US researcher helps start-up Ukrainian pig farmers

Ukrainian pig farmers
Photo: Canva

Dr Justin Brown, assistant teaching professor at Iowa State University, offers Ukrainian grain farmers that want to attempt pig farming a series of webinars. These farmers can take advantage of the current good pig prices, which can compensate them for the low grain prices. Brown helps them with a series of 10 webinars, that have covered biosecurity and disease identification, treatment and prevention.

The webinars consist of a presentation by Brown (with slides translated by the Association of Ukrainian Pig Breeders and recorded dubbing), along with a live Q&A session with a translator present. In a recent Iowa State article, Dr Brown noted that “the questions come flying in, and [these new pig farmers] ask a lot of really good ones. There is definitely a thirst for in-depth knowledge.”

Though geared toward newcomers, the workshop participants have included experienced Ukrainian swine veterinarians, university researchers and students. Each session has drawn up to 100 participants.

Oksana Yurchenko, president of the Association of Ukrainian Pig Breeders, and Justin Brown, assistant teaching professor of veterinary diagnostic and production animal medicine at Iowa State University, during the August version of a series of webinars Brown is holding for first-time Ukrainian hog farmers. Photo: Justin Brown.
Oksana Yurchenko, president of the Association of Ukrainian Pig Breeders, and Justin Brown, assistant teaching professor of veterinary diagnostic and production animal medicine at Iowa State University, during the August version of a series of webinars Brown is holding for first-time Ukrainian hog farmers. Photo: Justin Brown.

Reduced access to grain markets for Ukrainian crop farmers

The decimation of parts of Ukraine due to Russian attacks, along with political conflicts over the past 18 months have reduced access to grain markets for Ukrainian crop farmers. The resulting inventory glut has driven grain prices down. At the same time, with some livestock farms being wiped out due to war, meat production in the country has decreased. In 2022, Ukraine lost nearly 12% of its pig population, resulting in a supply shortage of about 100,000 tonnes of pork last year.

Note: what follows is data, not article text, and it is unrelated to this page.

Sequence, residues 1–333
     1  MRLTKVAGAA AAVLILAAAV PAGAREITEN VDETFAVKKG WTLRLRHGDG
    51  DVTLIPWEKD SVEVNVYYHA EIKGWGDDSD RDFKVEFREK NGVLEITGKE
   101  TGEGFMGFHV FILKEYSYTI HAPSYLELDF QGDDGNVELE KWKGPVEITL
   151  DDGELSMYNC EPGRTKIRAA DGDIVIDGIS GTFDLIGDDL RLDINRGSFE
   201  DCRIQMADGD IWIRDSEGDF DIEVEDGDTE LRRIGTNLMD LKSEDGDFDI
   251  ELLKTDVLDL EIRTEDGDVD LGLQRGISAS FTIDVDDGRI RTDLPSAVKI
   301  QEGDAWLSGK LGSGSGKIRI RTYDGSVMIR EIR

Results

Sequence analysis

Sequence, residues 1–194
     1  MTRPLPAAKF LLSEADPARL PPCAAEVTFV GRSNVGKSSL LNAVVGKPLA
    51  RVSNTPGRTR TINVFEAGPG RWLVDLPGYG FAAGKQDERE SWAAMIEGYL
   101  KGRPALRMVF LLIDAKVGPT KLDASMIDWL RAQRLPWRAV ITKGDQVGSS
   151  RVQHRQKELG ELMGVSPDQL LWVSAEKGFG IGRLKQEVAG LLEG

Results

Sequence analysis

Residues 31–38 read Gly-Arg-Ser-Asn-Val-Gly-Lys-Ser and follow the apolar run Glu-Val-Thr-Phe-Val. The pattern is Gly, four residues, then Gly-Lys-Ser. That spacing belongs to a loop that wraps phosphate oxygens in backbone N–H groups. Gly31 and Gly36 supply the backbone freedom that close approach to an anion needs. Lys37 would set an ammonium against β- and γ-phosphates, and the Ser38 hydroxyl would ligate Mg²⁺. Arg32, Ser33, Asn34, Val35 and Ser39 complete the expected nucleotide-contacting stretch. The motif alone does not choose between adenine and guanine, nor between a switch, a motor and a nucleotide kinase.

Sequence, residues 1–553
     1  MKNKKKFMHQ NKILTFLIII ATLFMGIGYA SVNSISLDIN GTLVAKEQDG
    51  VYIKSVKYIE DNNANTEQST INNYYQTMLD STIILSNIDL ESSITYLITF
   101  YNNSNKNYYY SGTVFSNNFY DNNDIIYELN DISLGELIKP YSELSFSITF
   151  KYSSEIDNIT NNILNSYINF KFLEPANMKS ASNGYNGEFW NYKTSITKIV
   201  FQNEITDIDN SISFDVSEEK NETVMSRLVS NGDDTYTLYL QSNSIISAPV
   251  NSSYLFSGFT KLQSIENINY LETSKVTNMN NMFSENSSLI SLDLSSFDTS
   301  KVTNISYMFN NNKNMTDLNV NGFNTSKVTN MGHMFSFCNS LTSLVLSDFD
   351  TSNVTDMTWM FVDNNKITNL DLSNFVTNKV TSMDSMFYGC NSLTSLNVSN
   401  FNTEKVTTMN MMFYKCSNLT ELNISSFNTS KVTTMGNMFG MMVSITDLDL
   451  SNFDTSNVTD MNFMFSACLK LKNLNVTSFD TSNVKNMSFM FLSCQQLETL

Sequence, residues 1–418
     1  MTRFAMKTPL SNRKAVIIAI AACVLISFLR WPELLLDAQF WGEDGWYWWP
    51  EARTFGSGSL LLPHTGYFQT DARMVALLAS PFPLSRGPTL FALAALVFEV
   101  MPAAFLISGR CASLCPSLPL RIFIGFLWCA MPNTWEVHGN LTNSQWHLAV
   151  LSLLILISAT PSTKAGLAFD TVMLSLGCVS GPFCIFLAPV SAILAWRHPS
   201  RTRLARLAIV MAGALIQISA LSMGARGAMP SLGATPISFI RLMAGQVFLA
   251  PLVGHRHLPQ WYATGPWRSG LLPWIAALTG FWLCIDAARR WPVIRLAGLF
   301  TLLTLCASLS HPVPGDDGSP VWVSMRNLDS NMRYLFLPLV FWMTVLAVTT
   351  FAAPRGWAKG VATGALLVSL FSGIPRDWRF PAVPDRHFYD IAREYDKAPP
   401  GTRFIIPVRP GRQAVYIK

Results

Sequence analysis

Higher pork prices

This in turn has increased the price of pork, beef and other meat. Although pork prices vary drastically in Ukraine by region, with much higher prices in the destroyed areas and war zones, in the early summer, the average price of pork in slaughter weight in Ukraine reached 85.5 hryvnias (US$ 2.3) per kg according to the Ukrainian pig farmers association.

In response, about a third of 150 large pig farms (with more than 1.5 million pigs) in Ukraine-controlled territories plan to increase their production capacity this year, according to an opinion poll that the association conducted around that time. Almost all surveyed farmers confirmed some development plans.

Getting back to normal production levels

However, getting back to normal production levels is also being attempted in destroyed areas of Eastern Ukraine. One of the biggest pig farms, Agrocomplex Slobozhansky, is trying to rebuild. It was under Russian occupation for 7 months starting in late February 2022.

Problems before conflict

Ukraine’s pork industry was suffering before the Russian attacks began in early 2022. In 2021, Ukraine’s per capita pork consumption was showing a continued drop of 7 kg or 30% over levels a few years previous. Pork was simply too expensive for the average Ukrainian consumer to buy very often.

This falling demand led to a corresponding drop in pork production. The industry also had unprecedented financial losses in 2021, when poor prices combined with a 20-40% jump in production costs.

Hein
Treena Hein Correspondent
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